‘They hold ‘type specimens’, the benchmark specimen of species. A quarter of the Brazilian lace bug types were in that museum and nowhere else. They are irreplaceable – digitised information is not enough” says Professor Sloggett.
A New York Times article reports on the loss of some of those specimens; “Marcus Guidoti, a Brazilian entomologist and former researcher at the Smithsonian Institution in Washington, says it’s likely that about a quarter of Brazilian lace bug holotypes, or unique specimens used to describe a species, was lost in the fire.“The Smithsonian collection on lace bugs is the biggest in the world,” he said, but he said that because of a feud between an American and a Brazilian scientist, it has “a big hole: South America.”
Effectively wiped from history
Some of the scientific collections can be replaced by collecting them again but Professor Sloggett says that is not entirely satisfactory as some of the specimens may have adapted to climate change and that factors such as the scale of destruction of the Amazon mean many specimens have become extinct.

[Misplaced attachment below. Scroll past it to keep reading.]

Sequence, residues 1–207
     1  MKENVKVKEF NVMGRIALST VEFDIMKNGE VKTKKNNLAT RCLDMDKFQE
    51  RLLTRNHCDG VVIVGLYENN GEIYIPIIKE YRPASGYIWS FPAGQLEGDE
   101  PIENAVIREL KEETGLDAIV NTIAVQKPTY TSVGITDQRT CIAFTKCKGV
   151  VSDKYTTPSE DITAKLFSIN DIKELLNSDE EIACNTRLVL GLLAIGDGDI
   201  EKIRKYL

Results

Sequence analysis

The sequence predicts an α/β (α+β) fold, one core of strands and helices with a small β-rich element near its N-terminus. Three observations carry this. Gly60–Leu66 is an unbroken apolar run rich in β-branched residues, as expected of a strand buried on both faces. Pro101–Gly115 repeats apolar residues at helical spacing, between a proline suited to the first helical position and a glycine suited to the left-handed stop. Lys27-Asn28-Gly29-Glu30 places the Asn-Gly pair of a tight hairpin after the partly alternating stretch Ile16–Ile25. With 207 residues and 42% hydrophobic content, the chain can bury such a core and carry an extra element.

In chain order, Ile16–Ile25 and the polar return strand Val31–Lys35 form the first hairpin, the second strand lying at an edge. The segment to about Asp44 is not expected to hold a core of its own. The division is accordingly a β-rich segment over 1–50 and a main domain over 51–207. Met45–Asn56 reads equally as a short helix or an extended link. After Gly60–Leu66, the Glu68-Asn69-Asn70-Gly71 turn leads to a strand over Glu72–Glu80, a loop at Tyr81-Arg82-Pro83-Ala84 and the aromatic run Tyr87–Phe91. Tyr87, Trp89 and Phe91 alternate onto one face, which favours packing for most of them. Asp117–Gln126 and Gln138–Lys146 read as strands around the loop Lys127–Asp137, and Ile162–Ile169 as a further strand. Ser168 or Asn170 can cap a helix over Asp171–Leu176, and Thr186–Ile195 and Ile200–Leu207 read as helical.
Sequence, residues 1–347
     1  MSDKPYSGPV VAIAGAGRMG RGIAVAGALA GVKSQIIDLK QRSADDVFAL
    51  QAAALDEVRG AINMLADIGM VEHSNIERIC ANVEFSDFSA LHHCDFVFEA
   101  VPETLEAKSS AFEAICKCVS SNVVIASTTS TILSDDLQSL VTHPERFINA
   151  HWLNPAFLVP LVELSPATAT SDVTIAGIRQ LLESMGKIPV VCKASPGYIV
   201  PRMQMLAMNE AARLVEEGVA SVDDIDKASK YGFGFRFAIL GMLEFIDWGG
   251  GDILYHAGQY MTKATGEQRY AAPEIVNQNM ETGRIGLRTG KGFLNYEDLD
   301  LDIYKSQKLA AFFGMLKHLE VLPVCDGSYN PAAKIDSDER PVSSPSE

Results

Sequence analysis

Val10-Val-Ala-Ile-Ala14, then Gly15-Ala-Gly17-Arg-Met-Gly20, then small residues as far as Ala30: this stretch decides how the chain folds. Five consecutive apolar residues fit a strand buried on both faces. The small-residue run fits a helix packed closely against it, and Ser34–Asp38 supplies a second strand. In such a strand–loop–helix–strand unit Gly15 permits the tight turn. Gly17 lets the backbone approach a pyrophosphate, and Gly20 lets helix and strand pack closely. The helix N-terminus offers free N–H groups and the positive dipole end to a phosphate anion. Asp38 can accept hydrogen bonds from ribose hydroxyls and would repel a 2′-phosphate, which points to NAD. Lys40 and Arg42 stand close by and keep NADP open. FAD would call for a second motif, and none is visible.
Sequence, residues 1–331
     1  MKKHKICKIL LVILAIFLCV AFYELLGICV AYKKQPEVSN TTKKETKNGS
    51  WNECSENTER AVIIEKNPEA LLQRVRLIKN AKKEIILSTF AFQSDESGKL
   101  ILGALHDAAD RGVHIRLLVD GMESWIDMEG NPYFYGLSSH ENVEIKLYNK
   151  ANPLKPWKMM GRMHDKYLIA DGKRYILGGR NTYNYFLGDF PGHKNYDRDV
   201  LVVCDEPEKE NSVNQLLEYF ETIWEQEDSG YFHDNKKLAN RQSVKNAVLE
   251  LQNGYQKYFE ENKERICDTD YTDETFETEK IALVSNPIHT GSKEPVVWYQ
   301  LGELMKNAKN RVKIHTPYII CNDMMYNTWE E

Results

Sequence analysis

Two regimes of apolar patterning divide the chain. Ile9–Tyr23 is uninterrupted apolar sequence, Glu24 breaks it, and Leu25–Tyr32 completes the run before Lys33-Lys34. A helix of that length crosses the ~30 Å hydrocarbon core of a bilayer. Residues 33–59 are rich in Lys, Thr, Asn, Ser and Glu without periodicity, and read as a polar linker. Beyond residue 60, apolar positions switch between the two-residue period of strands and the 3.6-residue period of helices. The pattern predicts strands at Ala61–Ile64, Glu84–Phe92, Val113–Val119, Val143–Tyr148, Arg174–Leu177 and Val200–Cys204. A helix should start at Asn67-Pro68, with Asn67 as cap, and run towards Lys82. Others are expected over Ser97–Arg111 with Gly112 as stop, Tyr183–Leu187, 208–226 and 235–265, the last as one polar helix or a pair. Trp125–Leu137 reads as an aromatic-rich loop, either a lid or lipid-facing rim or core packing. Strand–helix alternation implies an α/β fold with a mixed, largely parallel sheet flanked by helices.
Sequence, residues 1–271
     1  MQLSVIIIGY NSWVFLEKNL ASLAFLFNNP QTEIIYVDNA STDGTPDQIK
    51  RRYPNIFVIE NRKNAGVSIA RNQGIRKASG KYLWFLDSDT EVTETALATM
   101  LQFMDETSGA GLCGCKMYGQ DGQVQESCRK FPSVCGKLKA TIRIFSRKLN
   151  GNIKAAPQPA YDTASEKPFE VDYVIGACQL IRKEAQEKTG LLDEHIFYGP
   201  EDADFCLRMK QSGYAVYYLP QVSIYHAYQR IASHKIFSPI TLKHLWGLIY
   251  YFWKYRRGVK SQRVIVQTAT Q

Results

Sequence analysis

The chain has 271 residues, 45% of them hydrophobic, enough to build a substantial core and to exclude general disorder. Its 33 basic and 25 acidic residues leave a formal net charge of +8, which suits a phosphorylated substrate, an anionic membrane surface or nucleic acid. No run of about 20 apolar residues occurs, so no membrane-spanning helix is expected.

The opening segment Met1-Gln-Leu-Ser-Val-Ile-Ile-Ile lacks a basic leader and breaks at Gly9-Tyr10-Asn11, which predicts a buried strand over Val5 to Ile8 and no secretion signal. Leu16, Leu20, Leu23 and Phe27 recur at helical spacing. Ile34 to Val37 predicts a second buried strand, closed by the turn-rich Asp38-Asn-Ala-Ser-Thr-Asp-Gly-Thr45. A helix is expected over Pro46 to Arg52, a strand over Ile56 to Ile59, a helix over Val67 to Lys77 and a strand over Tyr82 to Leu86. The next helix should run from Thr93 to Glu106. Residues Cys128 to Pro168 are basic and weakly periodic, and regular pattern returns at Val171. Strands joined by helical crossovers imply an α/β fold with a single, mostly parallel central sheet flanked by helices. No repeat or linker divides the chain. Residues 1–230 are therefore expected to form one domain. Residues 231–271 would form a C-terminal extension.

A vulnerable building
Sadly the loss of this museum was entirely predictable with the museum, a former royal palace, in a very dilapidated condition. Professor Sloggett says it was really a matter of when it would happen, not if it would come to pass.
Perfect storm of factors
“A couple of things lead to a ‘perfect storm’. The financial situation in Brazil meant a long term shortage of funds and there have been reports since the 1950’s that a fire or other disaster was likely. The government recently spent $540 million on a new football stadium rather than the museum.”
Fire protection approved but not installed
“It is sad, and ironically so. After a three year discussion about the risks, the money for a proper disaster mitigation fitout was finally approved in June but had not been actioned” says Professor Sloggett.
Languages lost forever
According to National Geographic, Brazil’s indigenous knowledge also has suffered. “The Museu Nacional housed world-renowned collections of indigenous objects, as well as many audio recordings of indigenous languages from all over Brazil. Some of these recordings, now lost, were of languages that are no longer spoken.”
All the chickens were in one basket